Learn about the origins of BORN Ontario and key milestones in our journey
TimeframeBORN Milestones


BORN Ontario traces its roots to the Perinatal Education Program of Eastern Ontario (PEPEO), a program led by Dr. Patricia Niday, who envisioned the use of data to support better obstetrical and neonatal care. At the time, many participating hospitals contributed monthly maternal newborn data to the Ottawa Public Health Unit for analysis and summary.

Late 1990's

PEPEO became the Perinatal Partnership Program of Eastern and Southeastern Ontario (PPPESO) as regional hospitals saw the value of aggregating data to examine outcomes and identify areas for improvement. Together with other Ontario perinatal networks, PPPESO lobbied the provincial government for funding to expand the database renamed as the Niday Perinatal Database in honour of its namesake's vision and dedication.


The Child Health Network and the Greater Toronto Area (GTA) member hospitals joined the system adding 50% of provincial births to the system. The database was still housed within PPPESO and the Children's Hospital of Eastern Ontario and became known as the Ontario Perinatal Surveillance System (OPSS). OPSS developed the Niday NICU module, extended its partnerships, and encouraged more Ontario hospitals to contribute data in support of better care.


The government's first provincial report on perinatal care was produced. Concurrently, Ministry of Health and Long-Term Care reorganization led to the formation of the Maternal Child Health Strategy Division. Responsible for a number of maternal child data sources in the province, the division quickly recognized the value of integrating data within an appropriate privacy environment to facilitate and improve care. The Ministry of Health and Long-Term Care directed OPSS to amalgamate data from clinical programs: prenatal screening, the Fetal Alert Network (for congenital anomalies), the Ontario Midwifery Program, the Niday perinatal and NICU modules, and Newborn Screening Ontario.


With new provincial funding, OPSS was rebranded as the Better Outcomes Registry and Network (BORN) Ontario. The five founding partner groups, BORN staff and project consultants designed and built the new BORN Information System (BIS) while still carrying out partner program activities and using the existing data to support quality improvement and practice.


Full registry status - under the Personal Health Information Privacy Act (PHIPA) - was obtained in 2011.

January 23, 2012

The BORN Information System (BIS) was launched. BORN's Maternal Newborn Dashboard went live in November 2012 providing audit and feedback on key performance indicators for hospitals.


BORN created a safe, secure method to send Healthy Baby Health Children ‘screens' from hospitals through the BIS to Ontario Public Health Units.  BORN partnered with the Ministry of Children and Youth Services (MCYS) to pilot an electronic version of the Healthy Baby Healthy Children screen (eHBHC) offered to mothers after the birth of a baby to provide support and access to community services.  The project led to an eHBHC provincial rollout offered to hospitals and health units supporting the earlier identification of families with potential risk using a secure, efficient transfer of personal health information.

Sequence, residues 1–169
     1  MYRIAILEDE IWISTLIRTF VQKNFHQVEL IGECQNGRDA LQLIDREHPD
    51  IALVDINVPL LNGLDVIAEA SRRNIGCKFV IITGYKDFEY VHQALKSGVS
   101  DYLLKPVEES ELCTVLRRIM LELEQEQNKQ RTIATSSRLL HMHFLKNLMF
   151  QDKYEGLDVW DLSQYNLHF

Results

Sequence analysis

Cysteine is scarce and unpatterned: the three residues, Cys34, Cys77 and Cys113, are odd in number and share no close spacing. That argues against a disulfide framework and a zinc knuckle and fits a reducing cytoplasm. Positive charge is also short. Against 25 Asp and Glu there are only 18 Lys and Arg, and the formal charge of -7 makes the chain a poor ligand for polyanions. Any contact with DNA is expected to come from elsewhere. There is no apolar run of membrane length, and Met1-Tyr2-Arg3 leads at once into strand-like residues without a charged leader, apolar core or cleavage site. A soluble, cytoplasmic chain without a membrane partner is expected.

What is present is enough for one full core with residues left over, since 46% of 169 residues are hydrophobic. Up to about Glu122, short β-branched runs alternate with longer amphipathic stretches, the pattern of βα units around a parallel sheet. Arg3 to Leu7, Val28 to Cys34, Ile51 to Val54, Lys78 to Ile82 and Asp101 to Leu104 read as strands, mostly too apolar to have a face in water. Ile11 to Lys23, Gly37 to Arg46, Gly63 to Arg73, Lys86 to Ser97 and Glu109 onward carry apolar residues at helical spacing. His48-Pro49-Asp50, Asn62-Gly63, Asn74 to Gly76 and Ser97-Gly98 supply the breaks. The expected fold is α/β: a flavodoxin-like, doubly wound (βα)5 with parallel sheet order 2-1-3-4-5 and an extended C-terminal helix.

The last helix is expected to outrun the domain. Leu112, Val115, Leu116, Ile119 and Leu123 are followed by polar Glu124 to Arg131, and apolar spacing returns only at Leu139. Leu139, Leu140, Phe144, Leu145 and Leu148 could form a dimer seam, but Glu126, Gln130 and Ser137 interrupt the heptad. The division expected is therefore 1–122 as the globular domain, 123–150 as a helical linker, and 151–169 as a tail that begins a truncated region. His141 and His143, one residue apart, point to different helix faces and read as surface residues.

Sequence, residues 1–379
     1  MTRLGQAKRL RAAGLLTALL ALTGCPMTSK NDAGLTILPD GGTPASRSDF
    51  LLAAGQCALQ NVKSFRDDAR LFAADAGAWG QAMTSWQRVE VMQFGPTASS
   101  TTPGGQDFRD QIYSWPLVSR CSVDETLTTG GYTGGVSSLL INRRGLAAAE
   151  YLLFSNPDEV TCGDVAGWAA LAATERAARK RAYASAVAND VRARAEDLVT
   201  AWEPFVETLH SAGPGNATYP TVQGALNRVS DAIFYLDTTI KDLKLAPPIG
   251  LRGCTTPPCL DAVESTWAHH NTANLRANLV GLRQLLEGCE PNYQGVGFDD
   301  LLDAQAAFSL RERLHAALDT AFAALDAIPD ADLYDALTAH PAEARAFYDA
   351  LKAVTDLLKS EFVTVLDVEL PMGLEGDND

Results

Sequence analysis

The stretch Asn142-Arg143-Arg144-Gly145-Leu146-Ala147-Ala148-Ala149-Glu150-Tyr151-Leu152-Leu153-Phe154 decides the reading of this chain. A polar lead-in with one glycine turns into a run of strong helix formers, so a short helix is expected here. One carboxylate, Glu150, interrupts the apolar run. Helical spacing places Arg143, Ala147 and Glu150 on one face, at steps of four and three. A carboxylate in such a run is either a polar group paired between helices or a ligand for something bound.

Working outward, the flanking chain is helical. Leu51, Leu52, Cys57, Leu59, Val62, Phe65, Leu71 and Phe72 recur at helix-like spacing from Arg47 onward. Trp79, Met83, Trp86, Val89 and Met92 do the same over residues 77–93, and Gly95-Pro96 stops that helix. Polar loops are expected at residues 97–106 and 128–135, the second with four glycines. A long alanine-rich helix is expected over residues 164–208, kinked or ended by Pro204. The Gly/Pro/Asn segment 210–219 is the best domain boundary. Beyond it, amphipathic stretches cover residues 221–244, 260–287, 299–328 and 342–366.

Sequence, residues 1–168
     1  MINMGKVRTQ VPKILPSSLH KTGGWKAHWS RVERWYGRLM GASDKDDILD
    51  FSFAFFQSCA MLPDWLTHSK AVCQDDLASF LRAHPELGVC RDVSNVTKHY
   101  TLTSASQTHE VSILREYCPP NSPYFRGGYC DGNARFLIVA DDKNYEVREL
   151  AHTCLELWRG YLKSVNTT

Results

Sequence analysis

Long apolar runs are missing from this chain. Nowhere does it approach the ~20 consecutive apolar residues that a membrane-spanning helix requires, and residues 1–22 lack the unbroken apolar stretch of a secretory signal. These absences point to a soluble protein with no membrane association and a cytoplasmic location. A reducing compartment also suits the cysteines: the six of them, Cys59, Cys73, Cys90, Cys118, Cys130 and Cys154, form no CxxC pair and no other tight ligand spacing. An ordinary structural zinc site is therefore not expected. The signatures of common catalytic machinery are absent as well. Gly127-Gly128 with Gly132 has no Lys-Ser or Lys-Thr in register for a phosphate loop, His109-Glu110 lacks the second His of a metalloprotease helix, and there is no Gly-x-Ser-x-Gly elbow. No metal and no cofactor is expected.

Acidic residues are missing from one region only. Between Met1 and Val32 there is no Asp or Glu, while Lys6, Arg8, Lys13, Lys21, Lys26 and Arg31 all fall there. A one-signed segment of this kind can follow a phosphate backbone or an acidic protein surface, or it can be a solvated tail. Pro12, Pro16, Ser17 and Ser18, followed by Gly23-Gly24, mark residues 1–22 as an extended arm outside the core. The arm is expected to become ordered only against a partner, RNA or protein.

January 2013

Data on in-vitro fertilization (IVF) cycles from fertility clinics across Ontario was incorporated into the BIS via the CARTR Plus system. BORN developed an on-line reporting portal to allow users to run standardized and custom reports on their data.


BORN ‘grows' – In partnership with the Ministry of Children, Community and Social Services (MCCSS), BORN expanded its data collection from the electronic medical records of primary care sites for well-baby well-child visits from birth to five years of age. The project aimed to improve clinical workflow and help providers to assess and monitor child health though use of standardized forms and the creation of summary reports.


In partnership with the CHEO Autism Program, BORN expanded the BIS to collect Child and Adolescent Needs and Strengths – Autism Spectrum Profile (CANS ASP©) data from 13 lead Applied Behaviour Analysis (ABA) agencies across the province. BORN created reports to provide a snapshot of children's progress at the individual, agency and provincial level.


In December of 2015, the Ministry of Health and Long-Term Care began funding one IVF per person in Ontario through the Ontario Fertility Program (OFP). As part of their agreement to provide funded cycles, Ontario IVF Medical Directors agreed to allow the Ministry to monitor outcomes of funded IVF cycles through CARTR Plus.


As Non-Invasive Prenatal Testing (NIPT) - also called cffDNA , screening was patriated in Ontario, labs started contributing data to the BIS. This data is linked to pregnancy outcomes to determine the performance of NIPT in this population. BORN has been capturing multiple marker screening data since the creation of the registry.


On April 25, 2017, BORN celebrated 1,000,000 babies in the registry!


The Ministry of Health and Long-Term Care (MOHLTC) announced the creation of a provincial prenatal screening program - Prenatal Screening Ontario (PSO). PSO is housed within BORN as its work will be driven by BORN data.


BORN launched a new encounter to collect cytogenetic data results from both prenatal and neonatal testing.